Reflecting the implementation of new federal laws governing healthcare and solvency regulation, the 2012 NAIC budget proposal calls for four new major hires—managerial or analyst level positions with expertise in solvency guidance and financial analysis with respect to international or health insurance regulation.
Meanwhile, at the Federal Insurance Office (FIO) Director Michael McRaith is beefing up his office at the U.S. Treasury Department, as he announced during a hearing in Washington this week, coincidentally, on insurance and jobs.
Both agencies—neither are regulators per se, though the FIO and the NAIC do function in a quasi-regulatory or way with great future impact on the insurance industry—have key positions listed for international insurance relations.
One NAIC position proposal notes that, “while several NAIC financial regulatory services staff members deal with health insurance issues in the various solvency regulatory framework areas, none of them are experts in health insurance business nor have significant experience regulating insurers writing health insurance business.”
The most money budgeted for one new NAIC position is the $216,029 in funding (not salary), the highest amount requested for one position, to add a full-time international insurance professional. The NAIC pointed to the expansion in international work, specifically regarding the International Association of Insurance Supervisors (IAIS) and the increased focus on financial stability globally. Solvency II initiatives have gotten a lot of attention and NAIC officials have long held that a one size fits all approach won’t work for the U.S. regulatory arena.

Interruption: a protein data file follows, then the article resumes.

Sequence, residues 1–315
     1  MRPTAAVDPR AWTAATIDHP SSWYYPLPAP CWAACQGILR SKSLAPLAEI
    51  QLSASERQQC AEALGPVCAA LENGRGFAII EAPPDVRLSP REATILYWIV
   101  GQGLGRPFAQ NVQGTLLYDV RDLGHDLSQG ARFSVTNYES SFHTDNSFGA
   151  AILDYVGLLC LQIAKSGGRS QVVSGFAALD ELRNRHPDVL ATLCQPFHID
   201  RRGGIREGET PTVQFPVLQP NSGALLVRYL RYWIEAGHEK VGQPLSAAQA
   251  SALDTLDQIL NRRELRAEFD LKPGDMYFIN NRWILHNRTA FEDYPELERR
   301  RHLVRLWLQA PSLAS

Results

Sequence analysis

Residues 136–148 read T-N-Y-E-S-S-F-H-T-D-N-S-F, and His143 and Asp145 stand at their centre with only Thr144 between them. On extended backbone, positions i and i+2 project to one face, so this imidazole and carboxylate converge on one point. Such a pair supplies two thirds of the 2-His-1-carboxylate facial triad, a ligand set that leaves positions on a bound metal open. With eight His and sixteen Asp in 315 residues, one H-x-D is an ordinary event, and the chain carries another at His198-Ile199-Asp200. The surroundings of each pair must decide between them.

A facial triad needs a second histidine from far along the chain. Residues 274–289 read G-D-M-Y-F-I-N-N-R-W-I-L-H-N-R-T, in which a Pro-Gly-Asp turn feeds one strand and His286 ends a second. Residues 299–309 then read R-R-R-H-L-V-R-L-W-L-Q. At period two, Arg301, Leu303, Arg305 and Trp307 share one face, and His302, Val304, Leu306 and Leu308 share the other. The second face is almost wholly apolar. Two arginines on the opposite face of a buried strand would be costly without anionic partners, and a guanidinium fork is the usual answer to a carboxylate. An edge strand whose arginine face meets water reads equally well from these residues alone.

“Given the pace of international supervisory developments, it is critical the NAIC continues to play a leadership role, where appropriate, to ensure the perspective of U.S. state insurance regulators continues to be represented,” the budget document states.
One key NAIC personnel initiative, if not a job positon itself, is a proposal for $177,800 in 2012 to secure a “celebrity spokesperson” in its consumer communications shop to increase the public’s awareness and information from the NAIC and state insurance departments. The NAIC wants to get the public’s attention, and is also developing some NAIC smartphone apps to use alongside the effort.